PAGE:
The strategy is based on a March assessment by the intelligence community that domestic violent extremism poses a “high threat” to the United States. This extremism has been fueled by prejudice against minority communities and an excessive perception of the government, he said. The assessment indicated that isolated offenders or small self-organized cells – rather than organizations – were most likely to carry out attacks.
The strategy codifies movements over the past five months that constitute “a radical shift in the fight against terrorism,” Carly Gordenstein and Seamus Hughes, researchers in the extremism program at George Washington University, wrote in an analysis .
“It is clear that structural changes are underway that aim to eradicate extremism within and outside government, attempt to focus efforts more effectively, and invest in the issue of domestic extremism at an unprecedented rate in the United States. United, ”Gordenstein said. and Hughes wrote.
Miller-Idriss said the steps outlined in the strategy looked encouraging, especially an effort to prevent radicalization by addressing broader societal issues and encouraging media literacy.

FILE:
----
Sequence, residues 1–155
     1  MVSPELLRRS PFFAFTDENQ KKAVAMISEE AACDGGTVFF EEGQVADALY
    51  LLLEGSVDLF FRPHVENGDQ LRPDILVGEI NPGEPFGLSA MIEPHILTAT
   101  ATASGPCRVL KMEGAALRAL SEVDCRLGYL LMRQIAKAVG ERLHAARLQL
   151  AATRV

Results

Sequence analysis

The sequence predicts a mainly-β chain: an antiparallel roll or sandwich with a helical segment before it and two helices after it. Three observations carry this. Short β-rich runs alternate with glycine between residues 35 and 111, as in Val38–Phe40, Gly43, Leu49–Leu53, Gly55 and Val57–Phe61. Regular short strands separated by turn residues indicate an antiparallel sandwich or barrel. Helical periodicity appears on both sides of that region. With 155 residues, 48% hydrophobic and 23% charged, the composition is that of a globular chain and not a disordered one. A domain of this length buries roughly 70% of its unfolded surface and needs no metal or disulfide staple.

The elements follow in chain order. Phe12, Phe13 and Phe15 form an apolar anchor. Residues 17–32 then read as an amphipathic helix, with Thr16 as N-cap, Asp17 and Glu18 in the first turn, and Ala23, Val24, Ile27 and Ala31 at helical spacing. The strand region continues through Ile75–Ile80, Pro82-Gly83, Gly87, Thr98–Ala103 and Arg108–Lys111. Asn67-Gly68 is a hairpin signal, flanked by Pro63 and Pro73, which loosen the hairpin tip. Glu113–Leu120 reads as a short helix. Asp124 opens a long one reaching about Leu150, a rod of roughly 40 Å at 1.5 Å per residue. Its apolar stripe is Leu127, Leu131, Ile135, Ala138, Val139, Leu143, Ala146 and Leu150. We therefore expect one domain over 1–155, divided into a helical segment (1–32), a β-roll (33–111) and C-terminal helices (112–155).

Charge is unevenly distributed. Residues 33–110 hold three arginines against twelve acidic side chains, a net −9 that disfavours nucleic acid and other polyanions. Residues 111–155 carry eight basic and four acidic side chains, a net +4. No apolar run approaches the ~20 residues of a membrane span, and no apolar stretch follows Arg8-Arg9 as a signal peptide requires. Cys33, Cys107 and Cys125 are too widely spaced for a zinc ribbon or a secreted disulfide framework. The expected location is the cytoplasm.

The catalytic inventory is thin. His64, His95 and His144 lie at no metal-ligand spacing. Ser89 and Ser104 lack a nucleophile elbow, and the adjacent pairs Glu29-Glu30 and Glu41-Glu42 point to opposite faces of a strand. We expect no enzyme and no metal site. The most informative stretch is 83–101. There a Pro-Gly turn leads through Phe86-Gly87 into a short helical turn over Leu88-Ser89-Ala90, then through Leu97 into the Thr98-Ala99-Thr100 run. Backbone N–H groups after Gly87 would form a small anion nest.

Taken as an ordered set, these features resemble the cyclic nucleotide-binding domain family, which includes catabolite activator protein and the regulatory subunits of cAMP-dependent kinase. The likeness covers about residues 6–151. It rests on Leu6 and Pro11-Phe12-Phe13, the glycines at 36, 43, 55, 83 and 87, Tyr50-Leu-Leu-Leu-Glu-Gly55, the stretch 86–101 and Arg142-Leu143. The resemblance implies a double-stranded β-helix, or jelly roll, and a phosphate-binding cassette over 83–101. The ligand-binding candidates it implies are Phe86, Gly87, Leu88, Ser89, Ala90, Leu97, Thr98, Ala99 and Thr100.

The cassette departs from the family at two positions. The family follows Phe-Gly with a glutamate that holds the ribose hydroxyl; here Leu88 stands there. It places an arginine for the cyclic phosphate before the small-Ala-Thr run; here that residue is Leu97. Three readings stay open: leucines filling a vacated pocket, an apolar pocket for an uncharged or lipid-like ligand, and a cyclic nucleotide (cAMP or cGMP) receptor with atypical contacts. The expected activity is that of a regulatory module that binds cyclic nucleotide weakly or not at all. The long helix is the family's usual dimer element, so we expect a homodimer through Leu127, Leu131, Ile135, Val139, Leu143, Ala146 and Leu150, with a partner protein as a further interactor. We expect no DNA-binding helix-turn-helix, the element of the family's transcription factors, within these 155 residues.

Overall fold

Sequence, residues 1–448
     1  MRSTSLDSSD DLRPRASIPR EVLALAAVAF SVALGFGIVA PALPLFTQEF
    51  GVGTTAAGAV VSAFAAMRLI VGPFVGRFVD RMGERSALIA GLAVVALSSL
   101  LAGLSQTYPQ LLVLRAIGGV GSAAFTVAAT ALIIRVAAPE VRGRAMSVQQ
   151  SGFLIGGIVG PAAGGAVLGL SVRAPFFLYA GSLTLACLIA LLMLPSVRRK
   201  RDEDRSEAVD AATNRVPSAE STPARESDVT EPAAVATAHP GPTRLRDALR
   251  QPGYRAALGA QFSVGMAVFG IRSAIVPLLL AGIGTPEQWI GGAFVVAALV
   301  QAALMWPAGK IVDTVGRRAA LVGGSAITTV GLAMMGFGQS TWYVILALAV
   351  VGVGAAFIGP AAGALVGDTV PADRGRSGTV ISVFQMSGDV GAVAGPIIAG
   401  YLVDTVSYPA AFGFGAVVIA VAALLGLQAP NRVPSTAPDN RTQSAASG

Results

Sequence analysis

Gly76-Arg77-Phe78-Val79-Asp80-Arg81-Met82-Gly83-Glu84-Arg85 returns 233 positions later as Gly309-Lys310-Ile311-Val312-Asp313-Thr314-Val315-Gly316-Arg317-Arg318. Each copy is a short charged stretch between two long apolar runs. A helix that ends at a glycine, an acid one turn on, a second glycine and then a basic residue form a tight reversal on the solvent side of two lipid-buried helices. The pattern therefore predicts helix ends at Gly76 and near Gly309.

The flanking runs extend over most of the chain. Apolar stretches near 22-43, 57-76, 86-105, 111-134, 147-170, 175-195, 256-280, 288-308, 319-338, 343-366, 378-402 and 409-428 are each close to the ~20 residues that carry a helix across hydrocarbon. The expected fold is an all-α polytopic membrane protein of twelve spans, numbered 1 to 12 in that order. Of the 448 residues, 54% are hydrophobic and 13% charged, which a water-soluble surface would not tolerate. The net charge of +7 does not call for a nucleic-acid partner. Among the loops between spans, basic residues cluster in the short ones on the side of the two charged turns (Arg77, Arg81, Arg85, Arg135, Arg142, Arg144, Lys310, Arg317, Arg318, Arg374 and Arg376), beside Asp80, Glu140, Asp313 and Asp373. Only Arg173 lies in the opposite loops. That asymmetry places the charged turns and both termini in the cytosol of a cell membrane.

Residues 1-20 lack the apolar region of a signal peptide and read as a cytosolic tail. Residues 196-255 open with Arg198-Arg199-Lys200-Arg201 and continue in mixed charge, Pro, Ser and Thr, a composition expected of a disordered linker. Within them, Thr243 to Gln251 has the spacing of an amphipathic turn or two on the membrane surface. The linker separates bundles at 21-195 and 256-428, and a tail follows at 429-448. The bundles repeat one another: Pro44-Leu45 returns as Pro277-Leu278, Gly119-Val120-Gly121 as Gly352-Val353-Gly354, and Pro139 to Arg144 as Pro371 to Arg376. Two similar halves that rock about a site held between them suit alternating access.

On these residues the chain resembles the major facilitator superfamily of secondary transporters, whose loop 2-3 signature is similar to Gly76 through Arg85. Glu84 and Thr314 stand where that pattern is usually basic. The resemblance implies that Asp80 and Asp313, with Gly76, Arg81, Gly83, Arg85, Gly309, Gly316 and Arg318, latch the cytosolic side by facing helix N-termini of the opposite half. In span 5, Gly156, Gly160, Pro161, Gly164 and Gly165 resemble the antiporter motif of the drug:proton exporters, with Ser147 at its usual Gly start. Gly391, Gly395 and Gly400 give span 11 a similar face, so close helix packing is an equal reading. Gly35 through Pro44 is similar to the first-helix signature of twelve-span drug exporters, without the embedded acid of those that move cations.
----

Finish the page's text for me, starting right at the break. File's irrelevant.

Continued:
“It brings us closer to what other countries are doing abroad: understanding that you can’t fight domestic extremism by only paying attention to the fringe,” Miller-Idriss said. “You also have to be careful of what’s going on in the mainstream.”
Nonetheless, she said, implementation will be crucial. Attempts at a national dialogue on white supremacy, for example, will immediately run up against cultural war barriers such as the current outcry among conservatives over teaching systemic racism. Miller-Idriss said countries like Norway, Germany and New Zealand have adopted approaches that go beyond the national security apparatus to include government agencies responsible for culture, education , health and sports.
“Even prevention here is housed within DHS,” she said. “If we just think of it as a security and law enforcement issue, with security and law enforcement experts at the helm, we’re just going to get that result.”
Mary McCord, a former senior Justice Department official, said the prevention part is also tricky due to opposition to “investigating people based on ideology or casting too wide a net”, such as American Muslims lived in the wake of the September 11, 2001 attacks., Terrorist attacks. Already, some of the January 6 rioters present themselves as political prisoners and are unfairly prosecuted for their beliefs.
McCord, who now heads the Institute for Constitutional Advocacy and Protection at Georgetown University Law Center, said prevention also involved tactics like undercover stings, which some civil liberties groups saw as a trap.
“You don’t want to go after the El Paso terrorist after he killed 23 people. You want to have it prevented, ”McCord said. “That’s the challenge. Because every time you engage in preventative law enforcement, it comes with criticism. “